The first glimmer of a paradigm disruption shone through during the COVID-19 pandemic. Between 2020 and 2021, Maine was the only state in the country whose median age grew younger (U.S. Census Bureau, 2022), as Boomerangs and young, tech-savvy remote workers flocked to the state’s attractive climes. Another glimmer could be seen in the recent explosion of AI investment, with tens of millions of dollars in federal funding going to research ventures and technical education throughout the state (Mills, 2023).

As both a report and an ongoing project, The State of AI in Maine sought to document and foster this activity, with the ultimate goal of creating an AI ecosystem that is finely tuned to Maine’s unique character. The primary goal of this first report was to set a baseline for future comparisons and understand where progress happens as the AI journey continues.

4. The Report

Centering on five key pillars—health care, financial services, natural resources, education, and manufacturingThe State of AI in Maine report revealed a fascinating correlation between the state’s AI advances and its industrial makeup, at the heart of which are its wilderness and windy shores. As the most forested state in the country with a meandering coastline longer than California’s, Maine’s sea and woodlands are both culturally significant and economically vital.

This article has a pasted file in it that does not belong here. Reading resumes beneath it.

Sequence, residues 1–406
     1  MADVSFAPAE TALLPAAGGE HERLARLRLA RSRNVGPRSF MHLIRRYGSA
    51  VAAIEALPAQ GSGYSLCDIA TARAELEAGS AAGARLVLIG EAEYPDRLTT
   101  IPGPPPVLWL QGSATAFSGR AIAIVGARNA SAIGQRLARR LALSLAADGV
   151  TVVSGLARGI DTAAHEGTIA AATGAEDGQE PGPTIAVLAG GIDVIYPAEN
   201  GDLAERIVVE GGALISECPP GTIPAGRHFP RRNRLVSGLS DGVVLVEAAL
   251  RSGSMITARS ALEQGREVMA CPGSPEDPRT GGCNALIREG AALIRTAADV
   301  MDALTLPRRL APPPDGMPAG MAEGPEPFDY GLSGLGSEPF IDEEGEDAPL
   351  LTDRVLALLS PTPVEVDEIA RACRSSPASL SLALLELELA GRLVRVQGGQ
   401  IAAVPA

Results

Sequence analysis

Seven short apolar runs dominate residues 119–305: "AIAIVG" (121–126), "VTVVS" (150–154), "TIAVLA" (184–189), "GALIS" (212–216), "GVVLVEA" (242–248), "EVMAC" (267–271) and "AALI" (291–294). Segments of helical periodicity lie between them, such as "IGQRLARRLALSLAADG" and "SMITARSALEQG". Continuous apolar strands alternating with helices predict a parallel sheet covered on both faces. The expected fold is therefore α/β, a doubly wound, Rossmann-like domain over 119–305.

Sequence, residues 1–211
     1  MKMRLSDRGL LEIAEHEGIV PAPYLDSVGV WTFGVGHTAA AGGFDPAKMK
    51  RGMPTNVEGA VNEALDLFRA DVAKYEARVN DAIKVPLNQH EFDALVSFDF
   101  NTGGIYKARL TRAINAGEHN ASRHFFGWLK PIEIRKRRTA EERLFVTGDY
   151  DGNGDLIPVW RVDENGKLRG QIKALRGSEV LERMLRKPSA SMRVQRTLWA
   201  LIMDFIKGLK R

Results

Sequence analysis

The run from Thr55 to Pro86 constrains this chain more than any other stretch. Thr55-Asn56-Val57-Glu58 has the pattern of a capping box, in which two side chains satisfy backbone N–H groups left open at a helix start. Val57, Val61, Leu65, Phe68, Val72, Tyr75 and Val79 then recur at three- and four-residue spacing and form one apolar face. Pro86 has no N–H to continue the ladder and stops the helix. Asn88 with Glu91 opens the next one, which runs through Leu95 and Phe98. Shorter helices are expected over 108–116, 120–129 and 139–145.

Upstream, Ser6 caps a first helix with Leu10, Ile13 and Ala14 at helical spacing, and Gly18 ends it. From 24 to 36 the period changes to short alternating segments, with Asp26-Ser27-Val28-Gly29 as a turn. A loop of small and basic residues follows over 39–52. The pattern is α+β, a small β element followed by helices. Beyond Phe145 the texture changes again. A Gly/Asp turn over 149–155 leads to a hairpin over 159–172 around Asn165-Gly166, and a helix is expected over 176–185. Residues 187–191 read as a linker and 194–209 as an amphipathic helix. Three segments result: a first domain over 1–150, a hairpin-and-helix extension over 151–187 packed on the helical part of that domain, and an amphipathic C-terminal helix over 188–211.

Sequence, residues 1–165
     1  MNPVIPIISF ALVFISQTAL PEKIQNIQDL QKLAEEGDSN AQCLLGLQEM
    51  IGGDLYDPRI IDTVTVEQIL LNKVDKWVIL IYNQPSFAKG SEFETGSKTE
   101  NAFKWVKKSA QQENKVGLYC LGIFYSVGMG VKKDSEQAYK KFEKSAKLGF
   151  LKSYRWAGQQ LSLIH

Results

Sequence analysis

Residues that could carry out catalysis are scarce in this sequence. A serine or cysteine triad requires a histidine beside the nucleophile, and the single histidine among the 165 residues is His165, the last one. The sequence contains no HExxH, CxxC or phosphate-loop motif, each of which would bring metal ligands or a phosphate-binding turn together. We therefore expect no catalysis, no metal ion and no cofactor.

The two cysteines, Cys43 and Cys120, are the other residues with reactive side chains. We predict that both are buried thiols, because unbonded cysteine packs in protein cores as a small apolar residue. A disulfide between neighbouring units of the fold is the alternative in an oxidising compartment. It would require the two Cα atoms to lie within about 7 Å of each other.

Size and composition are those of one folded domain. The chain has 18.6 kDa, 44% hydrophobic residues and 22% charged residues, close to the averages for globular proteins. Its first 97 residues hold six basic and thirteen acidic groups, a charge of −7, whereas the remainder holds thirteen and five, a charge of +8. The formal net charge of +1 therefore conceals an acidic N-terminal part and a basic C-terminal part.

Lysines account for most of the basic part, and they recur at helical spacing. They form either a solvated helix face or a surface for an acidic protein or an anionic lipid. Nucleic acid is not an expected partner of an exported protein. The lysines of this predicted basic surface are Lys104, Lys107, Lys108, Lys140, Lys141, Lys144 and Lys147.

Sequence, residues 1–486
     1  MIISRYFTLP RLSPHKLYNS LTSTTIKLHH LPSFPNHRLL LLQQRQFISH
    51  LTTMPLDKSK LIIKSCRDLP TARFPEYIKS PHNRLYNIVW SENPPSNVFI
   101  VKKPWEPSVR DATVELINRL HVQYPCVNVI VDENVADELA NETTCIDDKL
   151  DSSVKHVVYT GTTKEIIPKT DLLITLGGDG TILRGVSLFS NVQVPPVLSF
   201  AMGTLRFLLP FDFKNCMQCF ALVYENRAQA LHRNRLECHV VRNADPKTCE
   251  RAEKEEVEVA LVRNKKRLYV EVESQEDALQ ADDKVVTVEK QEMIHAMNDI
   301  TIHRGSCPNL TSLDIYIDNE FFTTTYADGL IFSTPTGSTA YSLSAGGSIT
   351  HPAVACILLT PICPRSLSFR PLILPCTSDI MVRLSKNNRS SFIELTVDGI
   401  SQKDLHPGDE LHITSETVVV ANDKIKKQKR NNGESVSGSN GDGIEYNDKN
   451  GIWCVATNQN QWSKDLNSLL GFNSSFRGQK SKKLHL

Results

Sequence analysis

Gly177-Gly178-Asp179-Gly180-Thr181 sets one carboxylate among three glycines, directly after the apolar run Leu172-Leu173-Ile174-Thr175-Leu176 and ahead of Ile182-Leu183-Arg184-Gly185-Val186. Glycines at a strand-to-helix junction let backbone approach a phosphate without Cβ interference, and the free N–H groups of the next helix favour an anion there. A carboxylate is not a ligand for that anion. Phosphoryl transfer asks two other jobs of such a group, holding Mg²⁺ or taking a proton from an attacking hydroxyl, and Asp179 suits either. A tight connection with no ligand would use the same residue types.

In 2022, the Maine Jobs and Recovery Plan earmarked millions of dollars in federal funding to drive new innovations and solutions for Maine’s sea and forest industries (Mills, 2021). And for the first time ever, the forthcoming 2023 Maine Innovation Economy Action Plan will include a section on AI, aligning state interests with global trends in environmental protection, pollution prediction, wildlife screening, precision agriculture, and drone-based crop monitoring (EAI, 2023).

As the climate changes, the Gulf of Maine is warming faster than 99% of the world’s oceans (Pershing, 2015). Given the volume of data required to study critical waterways, experts have cited AI as an ally in the battle to protect both habitats and livelihoods. In Portland, for example, the Gulf of Maine Research Institute is using boosted regression trees, a fairly common machine learning technique, to improve the accuracy of groundfish stock estimates. In the woodlands, AI monitoring tools are helping optimize sawmills and protect trees from invasive species. Maine’s landscapes also harbor enormous potential for renewable energy. As much as 72% of the state’s in-state electricity generation now comes from wind, water, forest, and solar energy (U.S. Energy Information Administration, 2022). Some utilities, like Dynamic Grid, are harnessing AI to enhance grids, coordinate electricity distribution, and increase storage capacity (Cordes, 2020).